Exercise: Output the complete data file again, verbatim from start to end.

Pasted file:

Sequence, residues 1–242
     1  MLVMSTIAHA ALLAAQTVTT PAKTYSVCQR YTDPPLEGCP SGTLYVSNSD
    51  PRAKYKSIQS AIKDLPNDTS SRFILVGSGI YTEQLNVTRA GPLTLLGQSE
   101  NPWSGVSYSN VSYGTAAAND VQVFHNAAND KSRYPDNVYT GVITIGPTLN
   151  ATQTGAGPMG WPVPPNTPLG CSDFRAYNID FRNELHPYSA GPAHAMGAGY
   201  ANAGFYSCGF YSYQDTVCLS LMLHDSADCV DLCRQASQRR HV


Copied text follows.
Sequence, residues 1–242
     1  MLVMSTIAHA ALLAAQTVTT PAKTYSVCQR YTDPPLEGCP SGTLYVSNSD
    51  PRAKYKSIQS AIKDLPNDTS SRFILVGSGI YTEQLNVTRA GPLTLLGQSE
   101  NPWSGVSYSN VSYGTAAAND VQVFHNAAND KSRYPDNVYT GVITIGPTLN
   151  ATQTGAGPMG WPVPPNTPLG CSDFRAYNID FRNELHPYSA GPAHAMGAGY
   201  ANAGFYSCGF YSYQDTVCLS LMLHDSADCV DLCRQASQRR HV